Original Research

Okonkwo’s fate and the worldview of Things Fall Apart

A. Foley
Literator | Vol 22, No 2 | a361 | DOI: https://doi.org/10.4102/lit.v22i2.361 | © 2001 A. Foley | This work is licensed under CC Attribution 4.0
Submitted: 07 August 2001 | Published: 07 August 2001

About the author(s)

A. Foley, Department of English, Johannesburg College of Education, University of the Witwatersrand, South Africa

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Abstract

This article argues that despite the apparently exhaustive critical attention paid to Chinua Achebe’s Things Fall Apart (1958), certain key aspects of the novel’s meaning remain unresolved. At the heart of the problem lies the question of how to interpret the reasons for Okonkwo’s downfall or fate. The article suggests that a number of different sources of explanation appear to be plausible at various levels, but it goes on to demonstrate that at least some of these putative explanations are incompatible if not mutually exclusive. The more general difficulty arising from this is that several of these explanations are underpinned by worldviews which differ from and even conflict with each other. The article intends, therefore, through an exploration of the possible reasons for Okonkwo’s demise, to consider what worldview the novel finally supports and, indeed, whether the novel’s outlook is coherent at all. The chief conclusion is that although the overall perspective of the novel is highly complex, it does not necessarily follow that the actual meaning of the novel itself is either illogical or selfcontradictory.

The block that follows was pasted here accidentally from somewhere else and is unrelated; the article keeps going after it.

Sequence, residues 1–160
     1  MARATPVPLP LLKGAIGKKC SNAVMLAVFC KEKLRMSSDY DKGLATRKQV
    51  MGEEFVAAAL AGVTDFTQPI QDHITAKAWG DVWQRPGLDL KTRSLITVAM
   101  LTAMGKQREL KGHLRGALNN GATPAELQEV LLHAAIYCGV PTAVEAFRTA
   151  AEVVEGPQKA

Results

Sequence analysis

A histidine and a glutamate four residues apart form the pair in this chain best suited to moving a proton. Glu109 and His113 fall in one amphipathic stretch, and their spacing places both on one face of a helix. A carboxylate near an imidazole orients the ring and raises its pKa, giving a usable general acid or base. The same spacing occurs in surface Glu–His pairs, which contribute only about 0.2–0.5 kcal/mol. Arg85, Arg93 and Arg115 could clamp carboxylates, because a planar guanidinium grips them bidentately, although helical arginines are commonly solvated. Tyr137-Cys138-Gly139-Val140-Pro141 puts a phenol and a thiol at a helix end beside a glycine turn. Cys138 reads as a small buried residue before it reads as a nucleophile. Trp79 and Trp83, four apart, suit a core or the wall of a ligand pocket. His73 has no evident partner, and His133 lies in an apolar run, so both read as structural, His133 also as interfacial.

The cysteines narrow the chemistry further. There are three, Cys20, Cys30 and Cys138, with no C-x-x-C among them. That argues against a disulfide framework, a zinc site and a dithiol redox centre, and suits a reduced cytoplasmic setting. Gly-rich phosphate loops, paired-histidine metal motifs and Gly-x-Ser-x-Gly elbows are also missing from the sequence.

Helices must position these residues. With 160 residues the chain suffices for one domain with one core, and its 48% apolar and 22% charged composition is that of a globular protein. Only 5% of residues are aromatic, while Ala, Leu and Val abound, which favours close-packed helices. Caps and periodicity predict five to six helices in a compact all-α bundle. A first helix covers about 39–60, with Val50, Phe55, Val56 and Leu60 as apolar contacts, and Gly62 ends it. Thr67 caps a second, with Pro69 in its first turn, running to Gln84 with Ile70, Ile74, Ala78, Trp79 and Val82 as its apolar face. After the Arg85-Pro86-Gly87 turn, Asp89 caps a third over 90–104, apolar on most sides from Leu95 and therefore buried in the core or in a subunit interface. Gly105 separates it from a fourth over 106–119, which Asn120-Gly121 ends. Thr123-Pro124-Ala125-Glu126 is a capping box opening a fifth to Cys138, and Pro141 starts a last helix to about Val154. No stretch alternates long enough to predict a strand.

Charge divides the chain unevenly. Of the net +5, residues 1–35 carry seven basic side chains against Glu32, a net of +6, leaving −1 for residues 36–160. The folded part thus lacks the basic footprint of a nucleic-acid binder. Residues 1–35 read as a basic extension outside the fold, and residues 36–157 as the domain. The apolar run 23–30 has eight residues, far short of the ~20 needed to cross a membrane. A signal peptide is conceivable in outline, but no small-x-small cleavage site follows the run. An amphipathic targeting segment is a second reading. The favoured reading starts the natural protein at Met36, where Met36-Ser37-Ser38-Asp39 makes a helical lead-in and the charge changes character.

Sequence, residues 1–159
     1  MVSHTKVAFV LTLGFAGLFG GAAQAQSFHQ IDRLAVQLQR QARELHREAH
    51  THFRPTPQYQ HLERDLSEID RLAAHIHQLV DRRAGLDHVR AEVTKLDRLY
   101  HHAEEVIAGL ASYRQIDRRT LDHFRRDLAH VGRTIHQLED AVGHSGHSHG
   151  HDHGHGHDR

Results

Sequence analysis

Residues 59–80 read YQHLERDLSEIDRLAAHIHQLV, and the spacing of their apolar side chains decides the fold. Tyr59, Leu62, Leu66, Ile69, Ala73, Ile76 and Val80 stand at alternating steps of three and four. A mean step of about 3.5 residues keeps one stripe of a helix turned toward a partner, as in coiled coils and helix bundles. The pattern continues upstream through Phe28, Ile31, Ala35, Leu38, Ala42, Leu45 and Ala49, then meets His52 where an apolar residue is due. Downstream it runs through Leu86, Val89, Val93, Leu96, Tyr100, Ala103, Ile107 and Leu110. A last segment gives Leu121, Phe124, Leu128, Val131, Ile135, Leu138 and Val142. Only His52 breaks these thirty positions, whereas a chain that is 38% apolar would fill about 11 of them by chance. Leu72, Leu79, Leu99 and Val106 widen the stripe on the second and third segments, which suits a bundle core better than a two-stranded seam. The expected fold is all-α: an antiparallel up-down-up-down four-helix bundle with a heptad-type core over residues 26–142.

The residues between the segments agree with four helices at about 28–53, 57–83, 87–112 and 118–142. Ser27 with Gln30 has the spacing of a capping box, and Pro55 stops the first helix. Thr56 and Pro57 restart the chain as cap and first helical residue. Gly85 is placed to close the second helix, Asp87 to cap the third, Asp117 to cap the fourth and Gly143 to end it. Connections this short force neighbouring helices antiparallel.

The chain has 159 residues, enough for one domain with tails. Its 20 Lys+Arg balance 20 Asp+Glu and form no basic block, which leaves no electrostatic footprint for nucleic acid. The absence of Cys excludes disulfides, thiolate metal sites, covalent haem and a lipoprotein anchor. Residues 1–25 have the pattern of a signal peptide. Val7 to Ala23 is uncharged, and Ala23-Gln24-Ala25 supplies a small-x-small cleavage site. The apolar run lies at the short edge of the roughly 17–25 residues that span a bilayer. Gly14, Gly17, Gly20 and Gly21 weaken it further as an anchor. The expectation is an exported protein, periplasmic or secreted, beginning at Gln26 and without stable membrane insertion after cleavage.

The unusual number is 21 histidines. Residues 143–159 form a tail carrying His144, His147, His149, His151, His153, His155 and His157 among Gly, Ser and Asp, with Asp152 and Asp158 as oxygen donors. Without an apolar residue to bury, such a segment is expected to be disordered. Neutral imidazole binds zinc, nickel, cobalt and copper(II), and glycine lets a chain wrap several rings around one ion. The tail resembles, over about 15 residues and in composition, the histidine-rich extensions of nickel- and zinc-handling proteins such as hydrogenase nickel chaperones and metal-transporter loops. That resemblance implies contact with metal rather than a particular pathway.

Keywords

Chinua Achebe; Okonkwos Fate; Things Fall Apart 1958; Traditional Modern Worldview; Worldviews Conflicting In Things Fall Apart

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